The applicator device of the subject invention may be fabricated from any convenient material, where the entire device may be fabricated from the same material or may be fabricated from a plurality of different materials, e.g. where region 11 is fabricated from a material different from region 15 or where one of the regions is fabricated from a first material and then coated with a second material. Materials from which the applicator device may be fabricated include: stainless steel or other metals/metal alloys, plastics, ceramics, glass, quartz, and the like. In one preferred embodiment, at least the outer surface of the device, except for the planar surface 22 and protuberance 16, are coated with a material that is wetting resistant, e.g. hydrophobic, such as Teflon, and the like. In such embodiments, the amount of fluid sample that adheres to the sides of the applicator, and is therefore wasted during array preparation, is minimized. Thus, in such embodiments, the entire device may be fabricated from a first, wettable material, e.g. stainless steel, and then the sides of the device can be coated with a non-wettable material, such as Teflon, leaving only the planar surface 22 and protuberance 16 wettable.
The applicator device may be fabricated using any convenient technique, where the specific technique employed will generally depend on a number of different factors, including: the specific material from which the device is fabricated; economic etc. As such, fabrication techniques of interest include: machining, injection molding, point welding, casting; etc.
Also provided is an automated apparatus for producing microarrays that includes the subject applicator device. Such automated devices are known to those of skill in the art. Generally, such devices include an automated movement means, e.g. arm, that is operationally moved through the direction of a control unit. In such automated devices of the subject invention, one or more, usually a plurality of the subject applicator devices, is attached to the control arm. Commercially available devices with which the subject applicator may be employed include: Biomek 2000, Bio-Grid, Micro-Grid, Flexys, Q-bot, and the like.
The applicator devices of the subject invention find use in depositing fluid samples onto the surface of a solid support, where the devices are capable of reproducibly depositing a fluid sample as a substantially uniform circular spot, where the spot will generally have a diameter ranging from about 0.1 to 2.0, usually from about 0.15 to 1.0 and more usually from about 0.2 to 0.6 mm. In depositing a fluid sample on a substrate surface with the subject applicator devices, the first step is to dip (i.e. introduce and retrieve; place in and then remove) the first end of the device into a fluid in a manner sufficient such that a volume of the fluid adheres to the first end of the device. The volume of fluid that adheres to the first end of the device should be sufficient to produce the desired spot, and will generally range from about 2 to 500 nl, usually from about 5 to 200 nl and more usually from about 5 to 50 nl.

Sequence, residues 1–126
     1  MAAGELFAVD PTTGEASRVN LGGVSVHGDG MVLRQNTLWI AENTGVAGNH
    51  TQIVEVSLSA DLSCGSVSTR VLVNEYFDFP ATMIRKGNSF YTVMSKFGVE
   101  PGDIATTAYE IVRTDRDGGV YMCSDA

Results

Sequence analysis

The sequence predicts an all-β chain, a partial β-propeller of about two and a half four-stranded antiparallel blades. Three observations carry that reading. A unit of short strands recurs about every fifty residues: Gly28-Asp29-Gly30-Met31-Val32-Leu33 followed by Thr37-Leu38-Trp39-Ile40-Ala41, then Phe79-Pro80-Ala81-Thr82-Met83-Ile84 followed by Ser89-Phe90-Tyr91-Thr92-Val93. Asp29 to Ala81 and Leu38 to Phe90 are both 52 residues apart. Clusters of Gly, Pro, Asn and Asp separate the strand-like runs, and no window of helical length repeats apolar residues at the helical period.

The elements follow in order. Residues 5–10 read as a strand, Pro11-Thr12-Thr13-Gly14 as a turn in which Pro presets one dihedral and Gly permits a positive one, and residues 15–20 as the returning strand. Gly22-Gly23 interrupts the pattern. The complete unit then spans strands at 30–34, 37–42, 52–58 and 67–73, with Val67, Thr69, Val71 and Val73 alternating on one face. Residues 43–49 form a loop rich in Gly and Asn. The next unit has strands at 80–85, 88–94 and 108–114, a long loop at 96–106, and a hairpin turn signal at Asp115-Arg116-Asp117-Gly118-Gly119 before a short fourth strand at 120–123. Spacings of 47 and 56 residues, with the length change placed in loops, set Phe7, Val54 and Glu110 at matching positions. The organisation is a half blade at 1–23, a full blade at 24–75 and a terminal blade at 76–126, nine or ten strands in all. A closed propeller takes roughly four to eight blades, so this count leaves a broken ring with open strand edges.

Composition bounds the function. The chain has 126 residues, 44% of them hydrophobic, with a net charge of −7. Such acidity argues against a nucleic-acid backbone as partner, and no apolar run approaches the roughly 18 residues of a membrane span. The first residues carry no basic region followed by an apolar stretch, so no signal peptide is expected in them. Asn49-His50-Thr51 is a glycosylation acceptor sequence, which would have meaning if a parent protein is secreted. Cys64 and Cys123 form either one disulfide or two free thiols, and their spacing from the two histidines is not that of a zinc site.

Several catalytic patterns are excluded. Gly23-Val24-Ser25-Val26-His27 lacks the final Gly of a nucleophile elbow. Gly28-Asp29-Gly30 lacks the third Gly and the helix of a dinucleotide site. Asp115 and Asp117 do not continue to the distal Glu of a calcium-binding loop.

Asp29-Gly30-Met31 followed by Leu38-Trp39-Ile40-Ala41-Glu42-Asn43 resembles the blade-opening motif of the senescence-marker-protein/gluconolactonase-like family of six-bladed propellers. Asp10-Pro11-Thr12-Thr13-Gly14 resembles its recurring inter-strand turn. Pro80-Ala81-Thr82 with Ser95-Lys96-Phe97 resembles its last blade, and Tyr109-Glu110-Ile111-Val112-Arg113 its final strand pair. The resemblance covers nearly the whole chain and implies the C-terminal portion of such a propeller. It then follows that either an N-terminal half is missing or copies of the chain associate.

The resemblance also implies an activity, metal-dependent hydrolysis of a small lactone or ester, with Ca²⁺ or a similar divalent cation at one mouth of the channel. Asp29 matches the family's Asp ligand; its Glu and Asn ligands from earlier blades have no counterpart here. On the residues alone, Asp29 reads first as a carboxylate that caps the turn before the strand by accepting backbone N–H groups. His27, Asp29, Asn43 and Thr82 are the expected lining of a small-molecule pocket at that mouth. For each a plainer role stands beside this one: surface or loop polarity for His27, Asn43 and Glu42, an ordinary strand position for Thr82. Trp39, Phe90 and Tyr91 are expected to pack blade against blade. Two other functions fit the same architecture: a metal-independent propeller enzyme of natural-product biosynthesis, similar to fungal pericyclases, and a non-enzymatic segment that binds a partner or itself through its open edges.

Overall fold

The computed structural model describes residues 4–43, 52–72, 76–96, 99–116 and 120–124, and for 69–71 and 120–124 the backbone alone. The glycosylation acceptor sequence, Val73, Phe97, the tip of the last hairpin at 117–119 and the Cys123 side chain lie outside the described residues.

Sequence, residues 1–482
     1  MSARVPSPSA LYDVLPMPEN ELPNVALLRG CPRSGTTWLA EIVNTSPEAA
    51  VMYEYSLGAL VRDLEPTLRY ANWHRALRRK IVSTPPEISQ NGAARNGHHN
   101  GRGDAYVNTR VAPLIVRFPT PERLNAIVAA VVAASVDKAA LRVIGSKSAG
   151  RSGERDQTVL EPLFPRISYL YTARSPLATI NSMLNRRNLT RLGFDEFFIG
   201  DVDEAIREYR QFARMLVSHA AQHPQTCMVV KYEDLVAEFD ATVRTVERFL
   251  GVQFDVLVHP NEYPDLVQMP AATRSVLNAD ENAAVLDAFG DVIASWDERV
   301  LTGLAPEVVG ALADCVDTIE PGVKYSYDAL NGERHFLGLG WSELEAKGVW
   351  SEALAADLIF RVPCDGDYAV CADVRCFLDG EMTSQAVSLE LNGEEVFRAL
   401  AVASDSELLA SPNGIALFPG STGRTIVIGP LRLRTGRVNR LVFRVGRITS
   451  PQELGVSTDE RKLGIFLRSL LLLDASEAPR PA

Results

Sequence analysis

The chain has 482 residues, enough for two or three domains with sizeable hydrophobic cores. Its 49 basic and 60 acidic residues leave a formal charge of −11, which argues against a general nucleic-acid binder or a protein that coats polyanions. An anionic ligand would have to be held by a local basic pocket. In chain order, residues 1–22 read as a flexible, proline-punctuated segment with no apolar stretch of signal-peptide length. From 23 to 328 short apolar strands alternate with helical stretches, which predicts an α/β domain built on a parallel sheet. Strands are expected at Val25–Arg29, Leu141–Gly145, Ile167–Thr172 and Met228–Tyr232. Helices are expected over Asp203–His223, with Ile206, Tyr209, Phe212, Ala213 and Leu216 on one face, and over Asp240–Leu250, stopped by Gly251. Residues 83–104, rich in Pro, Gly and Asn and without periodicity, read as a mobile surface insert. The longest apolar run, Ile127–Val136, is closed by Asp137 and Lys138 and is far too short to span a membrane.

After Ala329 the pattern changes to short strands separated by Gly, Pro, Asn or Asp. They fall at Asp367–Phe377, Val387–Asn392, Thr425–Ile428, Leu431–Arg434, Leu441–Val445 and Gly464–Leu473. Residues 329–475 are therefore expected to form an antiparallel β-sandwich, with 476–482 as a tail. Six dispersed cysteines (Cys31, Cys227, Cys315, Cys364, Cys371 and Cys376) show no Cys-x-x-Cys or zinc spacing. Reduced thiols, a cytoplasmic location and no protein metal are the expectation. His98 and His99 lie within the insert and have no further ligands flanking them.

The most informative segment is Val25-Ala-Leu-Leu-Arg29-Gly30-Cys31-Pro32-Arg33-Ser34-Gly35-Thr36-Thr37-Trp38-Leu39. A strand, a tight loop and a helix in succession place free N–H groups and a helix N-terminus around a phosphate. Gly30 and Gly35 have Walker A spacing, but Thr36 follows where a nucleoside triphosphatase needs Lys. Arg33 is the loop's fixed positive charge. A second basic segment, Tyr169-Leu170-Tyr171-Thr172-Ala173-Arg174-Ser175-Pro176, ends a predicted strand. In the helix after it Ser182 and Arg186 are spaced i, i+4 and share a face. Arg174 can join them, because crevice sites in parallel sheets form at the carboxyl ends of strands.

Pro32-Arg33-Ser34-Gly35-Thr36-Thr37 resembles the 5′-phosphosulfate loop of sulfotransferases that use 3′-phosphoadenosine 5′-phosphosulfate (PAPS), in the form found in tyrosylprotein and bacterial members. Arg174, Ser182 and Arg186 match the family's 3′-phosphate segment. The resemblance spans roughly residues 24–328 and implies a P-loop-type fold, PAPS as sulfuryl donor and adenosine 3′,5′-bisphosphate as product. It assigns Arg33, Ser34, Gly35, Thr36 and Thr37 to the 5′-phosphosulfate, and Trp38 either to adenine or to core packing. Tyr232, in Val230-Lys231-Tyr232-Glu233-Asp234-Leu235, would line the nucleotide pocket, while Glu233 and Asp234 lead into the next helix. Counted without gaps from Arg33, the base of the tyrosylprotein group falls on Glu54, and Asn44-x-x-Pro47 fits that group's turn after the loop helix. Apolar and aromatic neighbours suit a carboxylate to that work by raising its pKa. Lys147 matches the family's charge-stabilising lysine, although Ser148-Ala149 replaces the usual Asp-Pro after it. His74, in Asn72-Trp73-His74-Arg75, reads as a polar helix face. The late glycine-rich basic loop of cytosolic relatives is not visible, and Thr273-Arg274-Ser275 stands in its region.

The next step is to contact the first end of the device with the substrate surface in a manner sufficient such that at least a portion of the adhered fluid is deposited onto the substrate surface, where the portion that is deposited will be at least about 30%, usually at least about 40%, and may be as high as 70% of the fluid initially present on the first end of the device, such that the volume of fluid that is deposited will range from about 0.7 to 350 nl, usually from about 2.0 to 150 nl and more usually from about 2.0 to 35 nl. Sufficient contact is generally achieved by merely placing the tip of the conical protuberance onto the surface and holding the tip in place for a short period of time, where the period of time is generally at least about 0.5 s, usually at least about 1.0 s and may be as long as 5.0 s but will usually not exceed about 10.0 s. Following contact, the applicator device is removed, leaving the deposited spot on the surface of the substrate. The process is further illustrated in FIGS. 4A to 4C. FIG. 4A shows the applicator with fluid just prior to deposition. FIG. 4B shows the applicator contacting the substrate surface during deposition. FIG. 4C shows the applicator pulling away from the substrate surface following fluid deposition.